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Joe Lee
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Milford
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Die Dolmengotter is a game designed by Thomas Odenhoven for 2 – 5 players that plays in about 30 minutes.

The premise of the game is that each player controls a small group of druids who set about to build the most impressive stone circles in the land.

Components: The components are quite functional for the game and include;

The game board that has a scoring track that runs along the edge of the board surrounding the playing area and the playing are itself. The playing area is made up of all of the stone circles that can be built on the board. There are three sizes of circles and they have multiplier values of 3, 4, or 5 from the smallest circle to the largest. There are also some glyphs along the outside of the play area that relate to movement across the board but I’ll get to that later.

The playing pieces
are the standard wooden bits (red, green, blue, yellow, and natural wood) and include per player 4 druids, 16 stones, and 13 dolmen, the players’ multipliers, with values from 1 to 4.

Game Set-up: Based on the number of people playing each person will receive a certain number of stones and dolmens in their color. Though each player will have the same value dolmen at the start, each player is supposed to keep their dolmen values secret once the game begins so that opponents don’t know what value dolmens are yet to be played.

Each player will place one druid on the start (4 VP) space on the scoring track. Finally in player order each player will take one of her remaining druids and place it on a space on the board. Once all players’ druids are on the board the game is ready to begin.

The placing of druids in this game reminds me of Through the Desert in that you are looking for the most opportune starting spaces.

Game Play: A players’ turn is very simple and consists of one of three possible actions:

1) Walk a druid to a neighboring unoccupied space: When moving to a neighboring space, if it contains another druid you may pass by him to the next space and you can keep doing so until you come to an unoccupied space at which point the druid stops moving. Running through a chain of druids is a very quick way to move around the board.

If a druid is on the edge of the board, where the glyphs are, he may transport from that space across the board to the space with the matching glyph. In the case of the corner spaces of the board they all contain the same glyph so a player may move his druid to one of the other three spaces. This is useful not only to jump across the board but also helps if you managed to get boxed in by stones, which will occur more frequently as the game progresses.

When the druid is done moving the player must either place one of her stones on the space the druid moved from or go back one space on the scoring track but not beyond zero. This allows the player to save a stone she may not want to place at the cost of a victory point. Why would you want to not play a stone? Well for one you are limited to stones and they are going to help you score points and sometimes by placing a stone you are actually helping out an opponent and not yourself.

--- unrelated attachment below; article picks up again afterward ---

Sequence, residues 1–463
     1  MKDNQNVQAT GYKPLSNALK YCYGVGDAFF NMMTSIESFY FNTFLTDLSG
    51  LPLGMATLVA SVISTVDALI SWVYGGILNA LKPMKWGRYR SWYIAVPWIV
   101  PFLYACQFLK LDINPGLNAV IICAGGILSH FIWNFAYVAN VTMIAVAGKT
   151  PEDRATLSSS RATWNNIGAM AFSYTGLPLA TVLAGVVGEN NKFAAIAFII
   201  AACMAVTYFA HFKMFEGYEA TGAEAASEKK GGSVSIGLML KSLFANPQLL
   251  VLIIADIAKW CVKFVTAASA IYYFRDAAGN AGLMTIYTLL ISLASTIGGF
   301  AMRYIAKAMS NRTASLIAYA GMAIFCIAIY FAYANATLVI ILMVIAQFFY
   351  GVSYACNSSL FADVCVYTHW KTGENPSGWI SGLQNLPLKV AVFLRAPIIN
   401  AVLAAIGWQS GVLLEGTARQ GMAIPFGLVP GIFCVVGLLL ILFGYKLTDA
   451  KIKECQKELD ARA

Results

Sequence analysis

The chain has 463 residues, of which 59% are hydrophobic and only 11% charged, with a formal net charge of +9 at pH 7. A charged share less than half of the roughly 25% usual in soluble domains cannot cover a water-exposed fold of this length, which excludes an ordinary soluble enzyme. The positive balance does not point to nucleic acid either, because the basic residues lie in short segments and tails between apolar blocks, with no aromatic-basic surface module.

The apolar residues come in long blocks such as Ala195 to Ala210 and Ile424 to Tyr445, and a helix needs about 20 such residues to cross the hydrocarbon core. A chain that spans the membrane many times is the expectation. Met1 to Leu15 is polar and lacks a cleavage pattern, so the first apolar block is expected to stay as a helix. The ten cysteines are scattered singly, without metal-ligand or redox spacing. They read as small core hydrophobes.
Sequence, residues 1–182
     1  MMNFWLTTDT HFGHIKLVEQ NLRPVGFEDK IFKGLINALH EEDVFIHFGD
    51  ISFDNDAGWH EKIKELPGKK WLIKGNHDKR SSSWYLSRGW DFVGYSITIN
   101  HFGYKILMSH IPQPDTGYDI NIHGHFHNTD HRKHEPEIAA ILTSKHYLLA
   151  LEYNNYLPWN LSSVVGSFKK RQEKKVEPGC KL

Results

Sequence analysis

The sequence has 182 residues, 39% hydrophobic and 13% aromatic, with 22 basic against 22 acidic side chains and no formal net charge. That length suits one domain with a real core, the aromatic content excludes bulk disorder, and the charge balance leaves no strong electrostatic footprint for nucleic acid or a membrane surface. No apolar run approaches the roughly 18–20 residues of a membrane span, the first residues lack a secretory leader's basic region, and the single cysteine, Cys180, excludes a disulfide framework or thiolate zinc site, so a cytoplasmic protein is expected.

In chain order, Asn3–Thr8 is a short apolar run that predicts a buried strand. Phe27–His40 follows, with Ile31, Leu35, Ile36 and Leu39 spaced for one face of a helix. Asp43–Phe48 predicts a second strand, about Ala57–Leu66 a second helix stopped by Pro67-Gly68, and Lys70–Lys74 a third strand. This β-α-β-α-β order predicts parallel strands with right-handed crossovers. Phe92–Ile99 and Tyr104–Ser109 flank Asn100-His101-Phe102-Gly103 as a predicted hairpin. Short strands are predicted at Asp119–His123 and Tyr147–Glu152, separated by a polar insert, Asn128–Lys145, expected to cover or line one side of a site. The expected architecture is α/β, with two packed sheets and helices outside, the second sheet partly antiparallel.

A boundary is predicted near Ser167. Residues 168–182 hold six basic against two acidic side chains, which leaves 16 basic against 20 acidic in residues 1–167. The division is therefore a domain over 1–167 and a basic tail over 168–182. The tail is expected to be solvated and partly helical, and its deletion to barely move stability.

Finally, a druid may not pass through a space occupied by a stone, nor end its movement on any occupied space.

2) Collect herbs by laying a druid on his belly. This action will allow you to teleport the druid on a future turn.

I’ve used this on occasion when I’ve had a druid trapped by stones and don’t want to move any of my other druids. It’s also the other way to just jump across the board to an area you want to compete in. The down side is it’s a two turn action and I find it tough to use this action much in the game.

3) Flight of the druid allows you to teleport a druid that collected herbs in a previous turn to any unoccupied space on the board at which point you return him to a standing position. Just like walking the player may now either place a stone on the space the druid moved from or go back one space on the scoring track but not beyond zero.

So what is a player trying to achieve by moving her druids about the board? Well she is trying to either have the majority of stones in a circle or tie the person who currently has the majority (Equalizer) of stones.

Majority: A majority in a circle occurs when there are at least two different colored stones in the circle and a player has more stones in the circle than any other player. In this case the player with the majority may place a dolmen (multiplier) face down inside the circle. If dolmens already exist in the circle she may place her dolmen on top of the stack.

If a player was tied and reestablished the majority she may place another dolmen inside the circle on top of the stack of dolmen present. Being on top of the stack is where you want to be since scoring is based on where your dolmen is located on the stack with the top being the most valuable.

If there is another player who is going to allow you to reestablish the majority you may want to think about the value of dolmen you are going to initally place since upon reestablishing a majority you'll have the opportunity to place another dolmen on the stack. In this case you may want to place a lower value dolmen first with the thought of placing a higher valued dolmen on top of the stack when you reestablish majority.